Dangerous Dan Thoughts and musings on the world


Judicial Deal

Filed under: Politics — Dangerous Dan @ 1:42 am

I'm shocked, shocked!, that a deal went down last night for avoiding the nuclear option and nobody in the blogosphere has covered it. Eh, what's that? I should hit the refresh button?

Everybody is all a twitter about this deal and the vast majority of the conservative folks are tearing their vestments, moaning tales of woe, and decrying the spinelessness of the Senate Republicans (Professor Bainbridge has a nice rundown of such sites). I'm not one of these people. I think the deal was a fine idea and was a political win for both sides, but was actually a greater loss for the Democrats. What seems to have gotten lost in much of the teeth-gnashing is that the Repubs got the greenlight for putting up three jurists to a vote that had been persistently blockaded by the Dems. That's a definite win for the Repubs and a loss for the Dems as these are the same judges that they had spent gallons of ink and hours of soundbites calling extremist and out of the mainstream. The Dems gave in on these three.

Now it's too true that they've made no filibuster commitments on the other two judges or on any future judges. It's also true that because of this, the Repubs have likely only postponed an eventual showdown. I just don't see this as a sign of weakness on Frist's part. He got three judges in for a vote and if and when the time comes to threaten the nuclear option on future filibustering, he can certainly still do that. That bullet is still in his pocket and he didn't have to give up anything up for those three judges (you may disagree on this last point, but read on).

Others have complained that the Dems got the upper hand on the Repubs because of the clause that says

Nominees should only be filibustered under extraordinary circumstances, and each signatory must use his or her own discretion and judgment in determining whether such circumstances exist.

The worry is that this is sufficiently vague so that the Dems can call anything extraordinary circumstances. And they're right, it is vague enough for that. But they also bemoan the following clause in that they think the Repubs have bound themselves to avoid rule changes:

In light of the spirit and continuing commitments made in this agreement, we commit to oppose the rule changes [that would lower the threshold for cloture].

We're talking politics people. This isn't a lease or a legal contract. This agreement will not be judged in a court of law, it will stand before the court of public opinion and it is to that court that the two sides will make their cases in the event of disagreement or a grievance of one party against the other.

The second clause has just as much wiggle room as the first one does; it’s as vague as the first. It can reasonably be interpreted that if the Dems violate the spirit or continuing commitments of the agreement, then the Repubs can execute a rule change. What would violate that? Well, filibustering judges for anything other than extraordinary circumstances, of course! While the Dems have the latitude to call just about any circumstances for judicial filibustering extraordinary, the Repubs can just as easily turn around and claim there's nothing extraordinary at all about them, that the Dems are therefore in violation of the agreement, and that they, the Repubs, can accordingly call up the nuclear option.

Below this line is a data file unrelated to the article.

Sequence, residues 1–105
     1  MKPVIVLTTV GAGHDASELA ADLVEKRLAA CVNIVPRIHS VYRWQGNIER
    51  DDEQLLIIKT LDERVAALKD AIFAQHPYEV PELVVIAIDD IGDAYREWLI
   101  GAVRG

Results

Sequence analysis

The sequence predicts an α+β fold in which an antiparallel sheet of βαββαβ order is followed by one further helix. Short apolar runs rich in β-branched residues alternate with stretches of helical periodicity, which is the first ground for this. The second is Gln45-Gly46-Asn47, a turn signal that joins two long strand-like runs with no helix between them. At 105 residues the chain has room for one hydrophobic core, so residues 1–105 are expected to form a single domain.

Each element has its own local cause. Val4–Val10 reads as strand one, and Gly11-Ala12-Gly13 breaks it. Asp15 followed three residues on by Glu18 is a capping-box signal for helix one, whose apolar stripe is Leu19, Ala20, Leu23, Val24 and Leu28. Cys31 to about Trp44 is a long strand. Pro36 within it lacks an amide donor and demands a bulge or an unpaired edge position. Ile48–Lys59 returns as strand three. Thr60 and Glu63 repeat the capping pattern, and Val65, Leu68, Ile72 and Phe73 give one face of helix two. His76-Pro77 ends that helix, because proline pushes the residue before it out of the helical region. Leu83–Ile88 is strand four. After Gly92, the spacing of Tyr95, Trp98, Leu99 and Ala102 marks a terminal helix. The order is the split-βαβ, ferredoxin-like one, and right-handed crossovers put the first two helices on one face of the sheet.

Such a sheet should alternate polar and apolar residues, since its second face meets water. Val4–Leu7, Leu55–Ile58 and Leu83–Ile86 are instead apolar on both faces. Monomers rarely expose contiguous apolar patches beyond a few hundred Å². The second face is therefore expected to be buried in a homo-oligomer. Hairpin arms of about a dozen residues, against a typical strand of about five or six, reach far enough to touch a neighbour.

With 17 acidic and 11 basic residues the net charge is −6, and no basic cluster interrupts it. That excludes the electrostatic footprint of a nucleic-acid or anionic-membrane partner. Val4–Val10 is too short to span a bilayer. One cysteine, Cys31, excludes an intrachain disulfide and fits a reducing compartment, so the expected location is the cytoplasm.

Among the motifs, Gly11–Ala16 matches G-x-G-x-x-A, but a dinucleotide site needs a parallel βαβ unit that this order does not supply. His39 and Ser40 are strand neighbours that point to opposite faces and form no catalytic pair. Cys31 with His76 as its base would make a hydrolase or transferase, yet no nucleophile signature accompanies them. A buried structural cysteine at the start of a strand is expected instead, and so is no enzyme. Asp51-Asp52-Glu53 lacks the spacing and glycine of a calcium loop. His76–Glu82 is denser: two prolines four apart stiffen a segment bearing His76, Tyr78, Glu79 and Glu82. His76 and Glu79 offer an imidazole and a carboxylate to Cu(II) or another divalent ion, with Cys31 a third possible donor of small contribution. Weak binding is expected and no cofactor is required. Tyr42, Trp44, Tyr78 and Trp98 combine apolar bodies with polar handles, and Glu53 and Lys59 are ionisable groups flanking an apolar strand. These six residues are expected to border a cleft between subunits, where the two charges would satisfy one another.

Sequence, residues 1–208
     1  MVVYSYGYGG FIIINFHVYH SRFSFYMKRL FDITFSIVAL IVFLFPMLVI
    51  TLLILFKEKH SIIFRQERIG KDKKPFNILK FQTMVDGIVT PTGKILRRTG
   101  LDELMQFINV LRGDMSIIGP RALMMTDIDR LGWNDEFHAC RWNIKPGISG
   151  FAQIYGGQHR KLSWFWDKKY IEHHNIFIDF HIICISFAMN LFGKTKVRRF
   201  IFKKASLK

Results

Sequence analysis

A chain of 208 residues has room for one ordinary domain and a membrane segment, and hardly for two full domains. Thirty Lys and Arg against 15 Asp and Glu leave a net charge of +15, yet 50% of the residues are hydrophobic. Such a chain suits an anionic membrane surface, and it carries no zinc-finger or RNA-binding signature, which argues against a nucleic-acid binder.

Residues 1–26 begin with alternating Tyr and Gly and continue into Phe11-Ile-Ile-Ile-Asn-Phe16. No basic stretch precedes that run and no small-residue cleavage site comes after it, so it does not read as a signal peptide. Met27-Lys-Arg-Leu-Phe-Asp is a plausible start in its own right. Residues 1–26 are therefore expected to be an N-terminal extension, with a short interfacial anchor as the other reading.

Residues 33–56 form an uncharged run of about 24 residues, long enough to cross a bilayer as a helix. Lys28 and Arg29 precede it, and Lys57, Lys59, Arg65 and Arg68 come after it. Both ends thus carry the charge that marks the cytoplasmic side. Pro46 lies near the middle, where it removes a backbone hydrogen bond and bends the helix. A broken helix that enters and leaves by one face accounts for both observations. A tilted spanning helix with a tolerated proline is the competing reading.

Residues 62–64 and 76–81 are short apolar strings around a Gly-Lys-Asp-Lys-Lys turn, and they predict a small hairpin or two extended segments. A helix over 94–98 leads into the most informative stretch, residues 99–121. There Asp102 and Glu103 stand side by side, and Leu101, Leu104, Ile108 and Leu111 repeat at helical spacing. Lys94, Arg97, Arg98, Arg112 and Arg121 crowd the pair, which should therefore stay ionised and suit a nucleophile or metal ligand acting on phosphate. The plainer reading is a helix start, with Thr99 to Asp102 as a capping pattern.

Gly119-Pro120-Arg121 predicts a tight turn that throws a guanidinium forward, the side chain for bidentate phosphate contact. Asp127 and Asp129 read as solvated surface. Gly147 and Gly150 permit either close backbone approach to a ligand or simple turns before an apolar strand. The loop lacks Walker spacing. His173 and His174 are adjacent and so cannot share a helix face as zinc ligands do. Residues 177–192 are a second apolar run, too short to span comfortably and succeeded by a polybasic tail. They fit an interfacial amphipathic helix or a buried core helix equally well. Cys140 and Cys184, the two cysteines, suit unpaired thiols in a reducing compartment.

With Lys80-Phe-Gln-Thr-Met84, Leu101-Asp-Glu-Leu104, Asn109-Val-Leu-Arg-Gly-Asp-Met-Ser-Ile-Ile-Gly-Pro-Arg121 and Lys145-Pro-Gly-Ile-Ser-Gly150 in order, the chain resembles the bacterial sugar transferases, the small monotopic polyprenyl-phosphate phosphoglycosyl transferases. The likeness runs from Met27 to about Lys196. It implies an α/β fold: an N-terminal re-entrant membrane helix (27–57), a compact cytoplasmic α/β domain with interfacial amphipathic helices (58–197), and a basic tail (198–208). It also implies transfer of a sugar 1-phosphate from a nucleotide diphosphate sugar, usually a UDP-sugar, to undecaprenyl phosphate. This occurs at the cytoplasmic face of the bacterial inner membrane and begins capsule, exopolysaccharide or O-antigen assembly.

The only situation in which this gambit won't work is a Supreme Court nominee, which would be extraordinary by anybody's definition. I seriously doubt, though, that the Dems are going to risk filibustering in this scenario. The Supreme Court nominee gets far too much national attention and the Dems risk a great deal of blowback if they filibuster a reasonable nominee on the grounds that he or she is an extremist. On such a high-profile target, the public will grow impatient with parliamentary limbo tactics, especially if the pick is a popular one. I think the only reason the Dems have been successful with their filibustering so far is that the vast majority of the public is much tuned into the kerfuffle over the appeals court nominees. I imagine they’ll pay more attention when the Supreme Court is involved.

This agreement is all about political positioning and both sides left themselves so much semantic room to maneuver that they haven’t much changed the state of affairs from what it was previously, except that three judges will now get a floor vote. Expect the fun in the future to hinge on that ‘extraordinary circumstances’ bit. The Dems will try to convince the public that the circumstances are extraordinary and the Repubs will try to convince John Q. that they’re not. Whoever is more convincing will carry the day.

Decision '08 has a roundup of other blogs that also don't think the compromise was a disaster. It's being called the Coalition of the Chillin'.
Just chillin'.


  1. I do not think that it was a disaster, but I do think it is time for a constitutional ammendment to make sure that every presidential nominee be voted upon within a reasonable amount of time. I think giving the senate six months to a year to advise and consent on nominees is more than enough time. Any nominee not given a vote should be automatically approved.

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